Mardi Gras, or Fat Tuesday, is the day before Ash Wednesday and the beginning of Lent on the Christian calendar. While Fat Tuesday refers to just one day, the Mardi Gras season actually begins on Twelfth Night, 12 days after Christmas. Twelfth Night celebrates Epiphany, when the Christian tradition tells us the three kings brought their gifts of gold, frankincense and myrrh to the baby Jesus. In Louisiana, Twelfth Night means King Cakes start making their own appearance at local bakeries and grocery stores with a little baby Jesus doll tucked inside of each (if you get the piece with the baby, you have to bring the King Cake to the next party). From Twelfth Night through to Fat Tuesday, there are many different parties, balls and parades to see. One of my favorites was always the Krewe du Vieux, an early parade through the French Quarter which I always had a party for when I lived in New Orleans near the parade route. The parades really kick into high gear a few weeks before Mardi Gras Day, getting bigger and better as they go. And then finally, the big day arrives. People don their costumes and take to the streets for one last big celebration with plenty of eating and drinking before lent begins the following day.
It was wonderful to be back in Louisiana for the end of the Mardi Gras season this year. I got out to see parades in several different towns, and then made my way back to New Orleans for Fat Tuesday itself. It’s a wonderful time of year to be in Louisiana, and for those who have never been, it is so much more than the booze fueled tourist mess you’ve seen on COPS and Girls Gone Wild. It’s full of food and fun and family, parades throwing beads and stuffed animals to kids sitting atop ladders, good vibes and a chance to let your hair down and relax. I needed to let my hair down and relax a bit this time around, and Mardi Gras has been just the cure to the February blues I needed.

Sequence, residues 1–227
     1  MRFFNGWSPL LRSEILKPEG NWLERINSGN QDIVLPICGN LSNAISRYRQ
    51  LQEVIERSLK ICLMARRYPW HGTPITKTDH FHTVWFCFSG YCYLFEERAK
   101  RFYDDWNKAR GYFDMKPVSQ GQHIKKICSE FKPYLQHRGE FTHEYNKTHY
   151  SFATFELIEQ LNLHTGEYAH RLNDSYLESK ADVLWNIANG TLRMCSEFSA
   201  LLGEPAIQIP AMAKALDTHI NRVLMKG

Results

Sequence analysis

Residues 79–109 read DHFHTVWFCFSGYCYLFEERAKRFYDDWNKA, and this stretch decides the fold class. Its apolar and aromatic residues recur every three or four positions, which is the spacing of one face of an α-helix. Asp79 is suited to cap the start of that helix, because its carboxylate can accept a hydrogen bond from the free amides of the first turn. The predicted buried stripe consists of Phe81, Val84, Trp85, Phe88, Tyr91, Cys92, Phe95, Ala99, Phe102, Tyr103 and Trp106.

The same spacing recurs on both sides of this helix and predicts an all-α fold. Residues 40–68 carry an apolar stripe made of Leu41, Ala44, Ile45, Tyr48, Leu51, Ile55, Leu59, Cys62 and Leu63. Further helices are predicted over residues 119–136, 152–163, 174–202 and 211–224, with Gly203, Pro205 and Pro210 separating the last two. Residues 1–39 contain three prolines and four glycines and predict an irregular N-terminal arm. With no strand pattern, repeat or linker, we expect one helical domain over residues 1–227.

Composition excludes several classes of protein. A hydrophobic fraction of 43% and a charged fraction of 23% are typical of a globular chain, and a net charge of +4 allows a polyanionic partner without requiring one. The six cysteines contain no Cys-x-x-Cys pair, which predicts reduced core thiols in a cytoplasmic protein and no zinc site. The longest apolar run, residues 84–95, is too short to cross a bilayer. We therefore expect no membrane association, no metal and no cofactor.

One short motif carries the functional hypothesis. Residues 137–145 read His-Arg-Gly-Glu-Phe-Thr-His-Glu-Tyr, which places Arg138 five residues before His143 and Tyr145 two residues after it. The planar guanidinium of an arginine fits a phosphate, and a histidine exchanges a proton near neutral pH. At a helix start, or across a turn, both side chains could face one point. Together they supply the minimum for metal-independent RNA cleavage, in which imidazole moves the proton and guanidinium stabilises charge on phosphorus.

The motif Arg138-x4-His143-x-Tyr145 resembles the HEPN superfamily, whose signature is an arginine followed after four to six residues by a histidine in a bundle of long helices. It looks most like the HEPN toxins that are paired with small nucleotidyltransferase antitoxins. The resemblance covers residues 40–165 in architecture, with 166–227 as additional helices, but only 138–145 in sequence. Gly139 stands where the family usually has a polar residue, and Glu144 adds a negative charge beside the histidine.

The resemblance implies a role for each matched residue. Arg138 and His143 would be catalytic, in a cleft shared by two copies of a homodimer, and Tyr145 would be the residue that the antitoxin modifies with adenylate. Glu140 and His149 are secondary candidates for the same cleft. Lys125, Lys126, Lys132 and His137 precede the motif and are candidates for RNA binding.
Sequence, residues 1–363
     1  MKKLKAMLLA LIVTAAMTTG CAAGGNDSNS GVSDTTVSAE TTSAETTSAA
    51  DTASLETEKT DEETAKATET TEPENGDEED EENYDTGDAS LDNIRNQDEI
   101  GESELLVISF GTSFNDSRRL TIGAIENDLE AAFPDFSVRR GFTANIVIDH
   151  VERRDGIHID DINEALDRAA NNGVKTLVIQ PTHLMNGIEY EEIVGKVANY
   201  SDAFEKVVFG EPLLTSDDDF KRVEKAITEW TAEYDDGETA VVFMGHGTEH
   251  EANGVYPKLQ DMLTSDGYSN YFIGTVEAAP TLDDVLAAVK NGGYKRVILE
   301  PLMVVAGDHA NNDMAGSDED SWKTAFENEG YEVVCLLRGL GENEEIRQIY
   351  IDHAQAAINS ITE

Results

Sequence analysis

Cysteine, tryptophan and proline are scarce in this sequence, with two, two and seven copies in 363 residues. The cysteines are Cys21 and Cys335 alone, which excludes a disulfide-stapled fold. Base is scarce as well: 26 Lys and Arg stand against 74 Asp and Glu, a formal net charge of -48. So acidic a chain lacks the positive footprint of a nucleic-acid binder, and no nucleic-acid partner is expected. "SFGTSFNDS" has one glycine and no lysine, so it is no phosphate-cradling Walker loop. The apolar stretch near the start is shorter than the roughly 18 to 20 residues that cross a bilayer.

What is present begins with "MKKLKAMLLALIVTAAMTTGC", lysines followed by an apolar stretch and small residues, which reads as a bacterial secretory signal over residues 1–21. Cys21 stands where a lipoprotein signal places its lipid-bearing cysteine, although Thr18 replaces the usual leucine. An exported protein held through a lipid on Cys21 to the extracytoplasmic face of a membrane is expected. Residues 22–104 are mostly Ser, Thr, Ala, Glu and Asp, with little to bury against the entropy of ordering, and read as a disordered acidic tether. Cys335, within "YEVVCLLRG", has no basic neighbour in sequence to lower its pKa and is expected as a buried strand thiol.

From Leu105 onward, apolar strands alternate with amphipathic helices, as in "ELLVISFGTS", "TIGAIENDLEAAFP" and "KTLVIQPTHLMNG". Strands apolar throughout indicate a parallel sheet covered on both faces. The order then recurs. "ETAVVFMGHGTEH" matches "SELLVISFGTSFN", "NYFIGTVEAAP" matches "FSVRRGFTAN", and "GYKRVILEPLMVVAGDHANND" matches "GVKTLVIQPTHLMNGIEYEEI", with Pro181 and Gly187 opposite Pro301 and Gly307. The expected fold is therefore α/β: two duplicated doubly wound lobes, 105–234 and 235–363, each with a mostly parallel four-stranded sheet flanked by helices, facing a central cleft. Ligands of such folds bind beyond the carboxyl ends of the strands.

I started my Mardi Gras this year with a quiet walk through the French Quarter just after 8 a.m. I was surprised at how few people were out and how quiet it was. The street cleaners were just finishing up on Bourbon Street which gleamed in the morning sun. Jackson Square was empty and there were plenty of open seats at Cafe du Monde. I always love walking around the French Quarter early in the morning, but it was amazing to see it cleaned up and waiting for the revelers to come out and play.
I made my way into the Bywater neighborhood to meet my friends Mike and Kristy, who had graciously invited me to spend the day with them. We were meeting at their friends Michael and Louise’s house for breakfast, and it was a lovely old New Orleans home. They had a wonderfully eclectic collection of New Orleans memorabilia around, an amazing bar in their back room, and even a jukebox full of great tunes. It is truly a remarkable home, and the perfect place to start the day (read an article on their back room bar HERE). They served a delicious breakfast which was just what we all needed to start the day, and, of course, champagne! It was wonderful to hang out in their beautiful home as their friends arrived in marvelous costumes, happy and excited to start the day.
We hung out there for about an hour, and then went outside to enjoy some sunshine and watch people wandering down Chartres Street towards the French Quarter and the festivities. Around 9:45, we got everyone together for a group photo and then made our way up to the old firehouse on Mandeville Street to join the St. Anthony Ramblers’ Walking Parade through the Bywater and the Marigny. It was a wonderful walk with a brass band leading the way and hundreds of people decked out in their Mardi Gras best, drinking and dancing along to the beat.
We stopped at several places along the way, but eventually ended up at Sidney’s Saloon on St. Bernard St. for a much needed bathroom and cocktail stop. It was here that we ran into the Black Hatchet Tribe of Mardi Gras Indians representing the 9th Ward. I was so excited to see the Mardi Gras Indians on their march through the streets. The history of the Mardi Gras Indians stretches back over a hundred years, and each tribe spends thousands of hours each year creating their amazing hand-sewn and beaded costumes. Seeing them out and about, I lost all interest in the Ramblers for a while, and ran up and down the street like a gleeful child snapping hundreds of photos. You can check out my favorites in a post I wrote HERE.